The bullet-ridden and blood-stained diary of Malcolm X, which had been in his coat pocket when he was assassinated, turned up on the Butterfield & Butterfield auction block in May, much to the dismay of officials at the New York Municipal Archives, in whose custody it was supposed to be, says THE VILLAGE VOICE.
The FBI is now investigating the case to determine how the diary, part of a vast collection of evidence in the assassination case, was removed from the archive in the first place. The FBI was tipped off by the VOICE when the newspaper called the bureau about the planned auction. Butterfield’s, which refused to identify the seller of the diary, had planned to start the bidding at $50,000.
A 29-year-old woman who fled Ghana for the United States to avoid ritual genital mutilation was freed by court order INS after spending two years in a INS detention cell, according to the ASSOCIATED PRESS. The INS had arrested Adelaide Abankwah when she arrived seeking amnesty in 1997.
Abankwah told INS officials that if she were to return to her home, tribal leaders would kill her or perform ritual genital mutilation as punishment for having lost her virginity before marriage.
The INS had threatened to deport Abankwah before it had even decided whether to grant her request or not. An appeals court ordered the INS to free her while it deliberated over her request. The court cited existing INS precedent which stipulates that genital mutilation is legitimate persecution and sound basis to grant amnesty. The INS still hasn’t decided on the case, and could still deport Abankwah.
A study just released by the Competitive Enterprise Institute reveals the bitter irony of the law of unintended consequences. According to the ENVIRONMENTAL NEWS NETWORK, the study reports that fuel economy standards adopted to reduce American dependence on foreign oil in the 1970s have opened the door for automakers to build small, unsafe cars that result in 2,600 to 4,500 deaths per year.
Environmentalists argue that the standards do not force the industry to build unsafe cars — they build them to reduce costs and increase profits. The study’s authors shoot back that building smaller cars are the easiest way to increase fuel efficiency — and a sure way to reduce safety.
The study may play a role in the debate over new fuel standards. Environmentalists support the standards because they say they will help prevent global warming. In fact, they are currently pushing policymakers to toughen fuel efficiency standards — demanding that cars get even more miles to the gallon. Bad idea, say this study’s authors. Raising the standards will further encourage the manufacture of small, dangerous cars and thereby increase auto deaths to between 3,800 and 5,700 deaths per year. If policymakers believe the study, they may find themselves directly between a rock and a very hard place.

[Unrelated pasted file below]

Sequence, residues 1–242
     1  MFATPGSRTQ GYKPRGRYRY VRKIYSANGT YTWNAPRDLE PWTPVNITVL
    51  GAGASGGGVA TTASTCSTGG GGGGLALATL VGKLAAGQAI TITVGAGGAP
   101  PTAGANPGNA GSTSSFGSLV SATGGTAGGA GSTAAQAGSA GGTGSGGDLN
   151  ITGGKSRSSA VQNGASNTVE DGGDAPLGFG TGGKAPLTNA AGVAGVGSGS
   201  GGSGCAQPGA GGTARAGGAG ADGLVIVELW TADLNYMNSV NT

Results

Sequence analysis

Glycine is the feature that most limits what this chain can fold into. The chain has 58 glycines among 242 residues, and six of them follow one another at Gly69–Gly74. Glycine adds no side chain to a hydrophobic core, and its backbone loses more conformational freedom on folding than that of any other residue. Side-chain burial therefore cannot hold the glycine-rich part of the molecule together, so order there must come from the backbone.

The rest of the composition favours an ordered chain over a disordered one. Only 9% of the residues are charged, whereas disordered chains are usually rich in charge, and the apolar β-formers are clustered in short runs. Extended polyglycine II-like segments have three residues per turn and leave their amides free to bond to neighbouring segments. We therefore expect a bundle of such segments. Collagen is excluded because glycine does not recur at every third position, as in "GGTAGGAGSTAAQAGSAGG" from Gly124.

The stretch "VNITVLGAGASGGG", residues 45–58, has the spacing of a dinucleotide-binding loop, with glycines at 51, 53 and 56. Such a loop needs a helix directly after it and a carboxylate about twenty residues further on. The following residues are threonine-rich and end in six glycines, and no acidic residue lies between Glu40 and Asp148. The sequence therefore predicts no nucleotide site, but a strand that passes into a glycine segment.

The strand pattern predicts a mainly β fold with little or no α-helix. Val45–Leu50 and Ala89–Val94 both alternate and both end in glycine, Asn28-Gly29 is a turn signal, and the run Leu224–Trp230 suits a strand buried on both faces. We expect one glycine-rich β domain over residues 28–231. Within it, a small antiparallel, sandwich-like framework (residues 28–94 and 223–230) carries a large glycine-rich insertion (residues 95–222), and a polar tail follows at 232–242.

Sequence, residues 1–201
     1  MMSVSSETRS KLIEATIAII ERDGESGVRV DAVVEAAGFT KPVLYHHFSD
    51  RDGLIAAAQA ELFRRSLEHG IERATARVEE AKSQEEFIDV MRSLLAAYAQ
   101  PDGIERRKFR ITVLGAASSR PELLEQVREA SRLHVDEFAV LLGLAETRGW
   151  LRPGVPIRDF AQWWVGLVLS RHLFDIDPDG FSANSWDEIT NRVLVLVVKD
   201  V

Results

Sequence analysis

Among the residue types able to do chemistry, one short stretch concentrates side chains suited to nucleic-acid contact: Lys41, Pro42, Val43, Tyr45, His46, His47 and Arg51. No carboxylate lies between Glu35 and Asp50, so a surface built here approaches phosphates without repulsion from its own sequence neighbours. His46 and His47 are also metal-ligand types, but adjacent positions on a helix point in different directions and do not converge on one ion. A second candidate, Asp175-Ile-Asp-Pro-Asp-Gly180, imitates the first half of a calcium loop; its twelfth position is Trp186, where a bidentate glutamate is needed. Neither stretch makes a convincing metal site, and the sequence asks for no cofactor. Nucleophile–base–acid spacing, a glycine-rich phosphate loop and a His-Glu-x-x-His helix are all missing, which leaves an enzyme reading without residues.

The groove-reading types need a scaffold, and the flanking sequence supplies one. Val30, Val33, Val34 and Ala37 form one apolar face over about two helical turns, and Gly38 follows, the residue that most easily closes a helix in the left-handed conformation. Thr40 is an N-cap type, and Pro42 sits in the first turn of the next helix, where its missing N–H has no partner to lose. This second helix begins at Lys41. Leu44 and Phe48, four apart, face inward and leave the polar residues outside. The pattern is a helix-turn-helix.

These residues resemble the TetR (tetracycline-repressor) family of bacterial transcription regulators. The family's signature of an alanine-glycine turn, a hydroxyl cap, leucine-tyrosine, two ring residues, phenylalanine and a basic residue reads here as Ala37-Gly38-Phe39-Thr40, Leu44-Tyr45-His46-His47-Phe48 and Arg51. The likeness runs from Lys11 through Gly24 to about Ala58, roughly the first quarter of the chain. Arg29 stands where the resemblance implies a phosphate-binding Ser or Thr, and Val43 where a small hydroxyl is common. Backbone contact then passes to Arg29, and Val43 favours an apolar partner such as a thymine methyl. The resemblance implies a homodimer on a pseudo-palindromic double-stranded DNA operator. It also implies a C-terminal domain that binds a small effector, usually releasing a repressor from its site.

The original idea for Ronald Reagan’s Strategic Defense Initiative, a.k.a. Star Wars — which aimed to construct a virtual shield that would protect the U.S. from incoming missiles — was actually dreamed up by a bunch of science-fiction writers, writes Norman Spinrad in LE MONDE.
Spinrad, who is himself a science-fiction writer, recounts the early 1980s as a time when many space enthusiasts were frustrated by cuts in NASA’s budget and the possibility that space exploration would be confined to “low Earth orbit.” He claims that the Citizens’ Advisory Council on National Space Policy — headed by a politically-connected sci-fi writer named Jerry Pournelle and composed of other writers, space industry executives, and scientists — aimed to influence the Reagan administration’s space policy. At the time, Spinrad claims, Pournelle knew Reagan’s National Security Advisor Richard Allen. Through Allen, the Council was given “direct access to the highest levels” of the government.
According to the article, the Council managed to convince the Reagan administration that the Pentagon (which had a much larger budget than NASA) should fund the construction of a space shield to protect the country from enemy missiles. The idea was simple: The Pentagon gets a new defense toy, and the space geeks get a whole new shot at deep space exploration.